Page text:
The Prime Minister’s Prizes for Science were presented by the Prime Minister assisted by the Hon Bob Baldwin, Parliamentary Secretary to the Minister for Industry at the Prize Dinner in the Great Hall of Parliament House on Wednesday 30 October.
More about the winners below.
The recipients on stage with PM Tony Abbott and Parliamentary Secretary Bob Balwin (credit:Prime Minister’s Prizes for Science)
Terry Speed doesn’t expect to see headlines reading “Statistician cures cancer” any time soon. But he knows that the right mathematics and statistics can help researchers understand the underlying causes of cancer and reduce the need for surgery.
A mathematician and statistician, he has written elegant theoretical papers that almost no-one reads. But he has also testified in court, helped farmers and diamond miners, and given biologists statistical tools to help them cope with the genetic revolution.
If you were a pharmaceutical company searching for a natural plant compound to use as the basis for a new line of drugs, where would you begin?
Until recently, this question was a no-brainer. Everyone knows that tropical forests contain the widest diversity of species, all fighting for survival and defending themselves physically and chemically against being invaded or eaten. So the tropics should naturally provide the greatest selection of biologically active compounds.
People have speculated about the potential of quantum computers for decades—how they would make child’s play of constructing and testing new drugs, searching through huge amounts of data and ensuring that information was fundamentally secure.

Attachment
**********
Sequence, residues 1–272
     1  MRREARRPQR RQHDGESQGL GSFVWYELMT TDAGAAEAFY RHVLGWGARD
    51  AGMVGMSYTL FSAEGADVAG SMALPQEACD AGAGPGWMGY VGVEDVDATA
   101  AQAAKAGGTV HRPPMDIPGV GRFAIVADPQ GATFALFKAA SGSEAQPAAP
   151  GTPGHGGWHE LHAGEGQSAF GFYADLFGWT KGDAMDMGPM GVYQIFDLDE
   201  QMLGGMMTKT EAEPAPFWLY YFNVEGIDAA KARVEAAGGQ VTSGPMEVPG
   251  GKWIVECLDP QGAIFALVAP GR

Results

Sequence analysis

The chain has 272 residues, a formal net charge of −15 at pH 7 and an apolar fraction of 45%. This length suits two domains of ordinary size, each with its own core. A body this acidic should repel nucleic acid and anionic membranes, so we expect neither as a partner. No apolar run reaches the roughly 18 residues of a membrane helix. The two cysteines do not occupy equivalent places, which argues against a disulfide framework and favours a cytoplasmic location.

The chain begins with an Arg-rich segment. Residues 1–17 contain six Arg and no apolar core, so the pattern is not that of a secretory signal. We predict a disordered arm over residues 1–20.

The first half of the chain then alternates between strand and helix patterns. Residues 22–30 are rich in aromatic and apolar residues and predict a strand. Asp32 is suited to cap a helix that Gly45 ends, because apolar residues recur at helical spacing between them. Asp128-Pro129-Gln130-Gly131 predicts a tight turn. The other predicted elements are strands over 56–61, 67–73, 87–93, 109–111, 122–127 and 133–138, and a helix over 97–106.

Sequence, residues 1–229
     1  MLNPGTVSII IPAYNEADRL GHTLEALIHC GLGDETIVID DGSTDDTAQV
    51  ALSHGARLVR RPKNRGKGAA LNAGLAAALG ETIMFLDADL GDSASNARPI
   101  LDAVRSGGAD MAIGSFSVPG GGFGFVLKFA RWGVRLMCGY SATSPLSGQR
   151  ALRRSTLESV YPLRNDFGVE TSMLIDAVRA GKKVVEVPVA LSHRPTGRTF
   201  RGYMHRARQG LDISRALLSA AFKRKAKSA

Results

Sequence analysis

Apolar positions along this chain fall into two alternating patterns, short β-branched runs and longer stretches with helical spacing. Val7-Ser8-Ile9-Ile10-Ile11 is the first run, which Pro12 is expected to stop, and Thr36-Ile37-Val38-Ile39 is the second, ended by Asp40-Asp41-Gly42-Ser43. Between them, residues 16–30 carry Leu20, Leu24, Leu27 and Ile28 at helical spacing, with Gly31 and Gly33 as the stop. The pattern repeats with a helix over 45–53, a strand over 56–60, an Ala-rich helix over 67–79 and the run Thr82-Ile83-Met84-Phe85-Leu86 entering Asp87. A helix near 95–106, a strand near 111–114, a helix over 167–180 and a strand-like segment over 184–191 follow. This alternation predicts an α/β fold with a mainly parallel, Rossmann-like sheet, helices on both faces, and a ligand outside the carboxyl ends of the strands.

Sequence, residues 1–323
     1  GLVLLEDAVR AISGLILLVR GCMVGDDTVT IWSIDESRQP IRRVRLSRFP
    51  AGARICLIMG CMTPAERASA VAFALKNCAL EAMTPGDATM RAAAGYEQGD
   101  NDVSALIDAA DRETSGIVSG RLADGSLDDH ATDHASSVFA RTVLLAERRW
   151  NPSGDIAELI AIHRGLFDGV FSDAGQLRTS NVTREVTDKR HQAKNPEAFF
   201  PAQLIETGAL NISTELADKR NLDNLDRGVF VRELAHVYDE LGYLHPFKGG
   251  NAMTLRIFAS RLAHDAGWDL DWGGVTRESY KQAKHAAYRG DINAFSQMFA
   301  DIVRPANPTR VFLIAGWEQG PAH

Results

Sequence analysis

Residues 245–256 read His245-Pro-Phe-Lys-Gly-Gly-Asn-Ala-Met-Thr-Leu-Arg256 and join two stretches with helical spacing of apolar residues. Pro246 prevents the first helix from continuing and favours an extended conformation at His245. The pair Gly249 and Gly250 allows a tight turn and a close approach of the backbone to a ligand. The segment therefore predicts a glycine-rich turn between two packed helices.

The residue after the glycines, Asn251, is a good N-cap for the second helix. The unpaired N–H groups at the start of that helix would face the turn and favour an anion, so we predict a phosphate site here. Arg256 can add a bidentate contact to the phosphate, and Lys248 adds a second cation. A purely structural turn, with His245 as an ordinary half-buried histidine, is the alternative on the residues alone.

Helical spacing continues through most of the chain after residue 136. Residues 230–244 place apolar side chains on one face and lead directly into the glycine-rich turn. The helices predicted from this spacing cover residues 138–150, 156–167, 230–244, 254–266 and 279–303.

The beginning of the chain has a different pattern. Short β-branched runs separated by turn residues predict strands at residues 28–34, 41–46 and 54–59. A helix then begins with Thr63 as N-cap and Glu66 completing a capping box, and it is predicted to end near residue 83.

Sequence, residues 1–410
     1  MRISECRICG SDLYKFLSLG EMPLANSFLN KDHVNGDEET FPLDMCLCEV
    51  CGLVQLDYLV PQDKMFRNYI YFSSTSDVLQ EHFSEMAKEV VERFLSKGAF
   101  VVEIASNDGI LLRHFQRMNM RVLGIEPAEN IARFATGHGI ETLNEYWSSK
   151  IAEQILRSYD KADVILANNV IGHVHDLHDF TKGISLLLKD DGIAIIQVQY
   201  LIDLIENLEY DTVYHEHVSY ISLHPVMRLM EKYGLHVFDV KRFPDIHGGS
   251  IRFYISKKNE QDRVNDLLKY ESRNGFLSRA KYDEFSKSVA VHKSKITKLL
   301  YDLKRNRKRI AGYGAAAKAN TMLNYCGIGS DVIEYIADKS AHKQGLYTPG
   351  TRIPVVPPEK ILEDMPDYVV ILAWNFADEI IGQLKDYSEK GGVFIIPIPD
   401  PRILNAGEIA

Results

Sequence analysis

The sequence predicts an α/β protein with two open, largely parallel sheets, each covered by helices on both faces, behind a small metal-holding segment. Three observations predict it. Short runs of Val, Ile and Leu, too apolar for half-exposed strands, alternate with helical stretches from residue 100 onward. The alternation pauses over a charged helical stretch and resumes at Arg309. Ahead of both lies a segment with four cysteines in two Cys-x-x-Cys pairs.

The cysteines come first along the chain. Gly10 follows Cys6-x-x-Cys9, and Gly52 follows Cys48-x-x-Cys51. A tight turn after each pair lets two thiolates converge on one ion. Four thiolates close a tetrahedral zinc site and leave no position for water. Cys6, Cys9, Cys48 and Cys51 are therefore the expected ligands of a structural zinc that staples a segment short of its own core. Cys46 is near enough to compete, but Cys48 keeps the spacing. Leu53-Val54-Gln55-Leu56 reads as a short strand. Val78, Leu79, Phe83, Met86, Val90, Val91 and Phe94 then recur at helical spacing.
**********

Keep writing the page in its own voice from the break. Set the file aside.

But it all seemed like science fiction. No-one really knew how to build one, despite lots of clever ideas for using exotic materials and light. But 15 years of work at the Australian Research Council Centre of Excellence for Quantum Computation and Communication Technology and its predecessors have changed everything. The building blocks of a quantum computer have been created and tested in a high tech basement at the University of New South Wales (UNSW). And within a few years Andrea Morello and his colleagues expect to have a small working prototype.
Each year in early July, when its 700 students are on holiday, Townsville State High School becomes the headquarters for one of the races in Australia’s V8 Supercar series. But before and after the race the Year 11 science students are hard at work, slopping their way through the nearby mangroves, and wading into the estuary that borders the school.
They are taking measurements to assess the impact of the race on the surrounding environment. Afterwards, the students report their results and pass them on to the local council and the Great Barrier Reef Marine Park Authority. The data is also assisting a program in which the biology students are collaborating with James Cook University as part of the National Estuary Restorative Study.
Model pterosaurs flying overhead, a new insect in the terrarium by the window, a cool video on non-Newtonian fluids on the SMART board down the front—every time the students of Rostrata Primary School in Perth’s southern suburbs enter Mr Johnson’s science lab, there’s something new. Nothing keeps them away from school on science days.
The laboratory is the realisation of something Ric Johnson recognised in more than 30 years as a primary school teacher—the power of science to engage children in the classroom. The problem, says Ric, is that primary teachers are typically not confident in their own knowledge and ability to teach science. Many simply avoid it.